C+S Ar­chi­tects

C+S AR­CHI­TECTS SCHOOL COM­PLEX IN FONTANIVA, PADUA

Domus - - CONTENTS - Man­lio Brusatin

Trace the meet­ing point be­tween Vi­cenza, Padua and Tre­viso, and you will find Fontaniva. In an area pop­u­lated by Pal­la­dio vil­las, bell tow­ers and fac­to­ries, Fontaniva is the king­dom of Brenta river gravel: the raw ma­te­rial for the re­con­struc­tion of the Veneto re­gion, since the 1950s to the golden era of the now-van­ished dream of riches known as the North­east. 1.14 The Kite, a school in Fontaniva, Padua, has be­come an im­por­tant piece of ar­chi­tec­ture, where for­ward-think­ing ideas have been grafted to an area that is by no means pe­riph­eral in terms of qual­ity of hous­ing and land­scape. Over time, the ar­chi­tect cou­ple Carlo Cappai and Maria Alessan­dra Se­gan­tini (C+S Ar­chi­tects) has man­aged to form an im­por­tant course of work and ar­chi­tec­tural in­no­va­tion in the am­bit of schools, par­tic­u­larly pri­mary schools, which are fun­da­men­tal for all so­cial projects. 1.14 The Kite was com­mis­sioned and built in the space of one sea­son by ChiarAmEnte, a com­pany that pro­vides ed­u­ca­tional ac­tiv­i­ties for chil­dren from ages 1 to 14. It brings to­gether Maria Montes­sori and Ru­dolf Steiner. Now, in var­i­ous re­gions of Italy, nurs­ery and pri­mary schools are of­fer­ing sit­u­a­tions of ex­cel­lent qual­ity that never cease to amaze us, pre­cisely in com­par­i­son to other na­tions. What can we say? In Italy we have the best schools and the worst pris­ons. Our phi­los­o­phy for di­dac­tics is ca­pa­ble of pro­duc­ing new ex­pe­ri­ences, while the orig­i­nal phi­los­o­phy of On Crimes and Pun­ish­ments (1764) has not pro­gressed. I men­tion this be­cause in Venice, the do­mus ni­gra (“black house”, as mag­is­trates and lawyers call the Venice Law Courts) is in name, and fact, the ex­act op­po­site, even in ar­chi­tec­tural terms, of the beau­ti­ful series of schools by Cappai and Se­gan­tini. The Kite in Fontaniva orig­i­nates from a vol­un­tary ed­u­ca­tional work­shop. It be­gan as ac­tiv­i­ties held af­ter the clos­ing time of the af­ter­school club and sought to ex­pand cre­ative thought from the de­pressed nu­cleus of read­ing, writ­ing and arith­metic. At 1.14, the three phases of this ed­u­ca­tional project emerge: 1.6 is the first phase, from 1 to 6 years of age, the sec­ond, 6.11, from 6 to 11, and the third, 6.14, from 6 to 14. The num­bers of these re­spec­tive codes form the logo of the school, painted on the side of the build­ing in very large char­ac­ters with pri­mary colours – the first is green, then blue, and the last num­ber is ma­genta. The re­bus is solved with the same com­mu­nica­tive light­ness of the ar­chi­tec­ture. The Kite is like the one from Giovanni Pas­coli’s poem we used to learn by heart, “There’s some­thing new in the sun to­day, but no, / More like some­thing old”. It re­minds you of the pa­per air­planes thrown all over the place on the last day of school. The most dif­fi­cult thing to do with a kite is not hold­ing it by the string, but get­ting it to fly. This build­ing, although an­chored to the ground, ef­fec­tively man­ages to make the spirit and fan­tasy fly, and that goes for the grown-ups who take their chil­dren there, too. Colours are used in­ter­nally with par­tic­u­lar care, with the ed­u­ca­tional ef­fects of Gestalt. The walls can be used to work on; they are not just painted sur­faces. Amid so much aver­sion to colour (greyscale) and twopenny Mon­drian schemes seen in too much ar­chi­tec­ture, here we fully per­ceive the forth di­men­sion of space. There is ‘am­bi­ent’ (at­mo­spheric) colour and ‘lo­cal’ colour (ob­jects and walls). The white-ce­ment, kite-like school in Fontaniva is like the ‘white wings’ from the same poem, but as it rests in the mid­dle of green­ery, it is ba­si­cally a fly­ing is­land. Inside, dif­fer­ent spa­ces are qual­i­fied as true in­te­ri­ors with re­spect to the ex­te­ri­ors, ex­cept for one point, which is like a con­nect­ing line be­tween the earth and the sky: a cir­cu­lar hole in the roof of the por­tico. It shows what James Tur­rell and Tadao Ando were able to cap­ture else­where: ‘filmic colour’. It’s the same per­fect cut-out of blue that we can see from the bot­tom of Tur­rell’s large-scale art­work in a desert cin­der cone (Ro­den Crater in Ari­zona) and from the wooden din­ing bench at Casa Wabi, Ando’s artists’ re­treat in Oax­aca, Mex­ico. Filmic colour is none other than the sky as it ap­peared to the first ter­res­trial crea­tures, framed by a habi­tat. At Ital­ian coun­try­side fes­ti­vals, where lo­cally grown pro­duce is sold, chil­dren still build and fly kites. Their faces be­tray a de­sire: to be able to see what their kites see. Will they be able to do so with the home-made drones that will soon fill the skies like lo­custs? At the schools de­signed by C+S Ar­chi­tects, all of this is felt, but above all it is seen.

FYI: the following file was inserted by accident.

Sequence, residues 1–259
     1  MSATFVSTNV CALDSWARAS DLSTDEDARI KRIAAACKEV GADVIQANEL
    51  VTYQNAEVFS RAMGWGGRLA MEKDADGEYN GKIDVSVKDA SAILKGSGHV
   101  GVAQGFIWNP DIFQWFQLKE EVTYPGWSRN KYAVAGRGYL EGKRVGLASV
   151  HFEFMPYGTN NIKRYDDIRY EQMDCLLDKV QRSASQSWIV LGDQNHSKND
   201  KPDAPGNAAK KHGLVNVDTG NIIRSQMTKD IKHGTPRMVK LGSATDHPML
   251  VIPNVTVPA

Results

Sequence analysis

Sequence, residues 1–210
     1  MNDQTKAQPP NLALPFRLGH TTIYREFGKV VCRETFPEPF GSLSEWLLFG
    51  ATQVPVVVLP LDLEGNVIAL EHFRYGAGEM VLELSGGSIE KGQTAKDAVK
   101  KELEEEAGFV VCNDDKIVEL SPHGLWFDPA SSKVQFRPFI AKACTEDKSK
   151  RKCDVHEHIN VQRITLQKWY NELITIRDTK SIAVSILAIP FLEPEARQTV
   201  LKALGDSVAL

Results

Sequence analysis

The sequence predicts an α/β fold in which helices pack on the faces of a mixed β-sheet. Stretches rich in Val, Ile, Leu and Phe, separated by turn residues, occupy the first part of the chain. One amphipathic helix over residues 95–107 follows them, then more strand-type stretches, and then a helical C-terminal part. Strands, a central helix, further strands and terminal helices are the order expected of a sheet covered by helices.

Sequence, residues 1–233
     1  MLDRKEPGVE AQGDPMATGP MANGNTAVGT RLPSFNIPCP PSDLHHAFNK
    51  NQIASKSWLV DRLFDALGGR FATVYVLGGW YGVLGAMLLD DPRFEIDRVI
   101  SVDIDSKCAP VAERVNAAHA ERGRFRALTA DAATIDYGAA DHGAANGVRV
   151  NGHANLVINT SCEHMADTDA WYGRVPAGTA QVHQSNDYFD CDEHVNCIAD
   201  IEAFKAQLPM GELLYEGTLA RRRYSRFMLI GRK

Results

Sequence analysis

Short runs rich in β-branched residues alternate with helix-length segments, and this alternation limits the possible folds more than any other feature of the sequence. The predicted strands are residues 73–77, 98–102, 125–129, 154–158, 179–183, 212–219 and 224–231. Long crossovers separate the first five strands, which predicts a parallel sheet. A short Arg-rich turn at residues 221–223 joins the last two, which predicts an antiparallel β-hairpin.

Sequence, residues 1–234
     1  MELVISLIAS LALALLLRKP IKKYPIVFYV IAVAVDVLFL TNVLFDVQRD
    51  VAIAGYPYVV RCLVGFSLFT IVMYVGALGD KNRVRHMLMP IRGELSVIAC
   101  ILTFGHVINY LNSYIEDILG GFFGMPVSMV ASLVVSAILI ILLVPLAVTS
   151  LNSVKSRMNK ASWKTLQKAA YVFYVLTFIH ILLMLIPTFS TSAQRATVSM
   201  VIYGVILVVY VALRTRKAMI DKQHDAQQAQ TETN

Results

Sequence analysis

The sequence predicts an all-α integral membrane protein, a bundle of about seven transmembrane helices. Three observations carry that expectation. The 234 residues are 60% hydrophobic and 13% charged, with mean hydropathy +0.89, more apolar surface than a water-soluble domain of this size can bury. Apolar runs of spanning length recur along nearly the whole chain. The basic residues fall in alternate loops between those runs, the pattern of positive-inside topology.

Top: a plan shows the de­sign con­cept of the kite. Fac­ing the south, the build­ing is con­ceived as a large roof pro­tect­ing the ac­tiv­i­ties of the chil­dren inside. Above: two stills from a video by Valentina Cocco show the sym­bol­ism of the kite cap­tured in flight, il­lus­trat­ing the build­ing’s con­struc­tional prin­ci­ple

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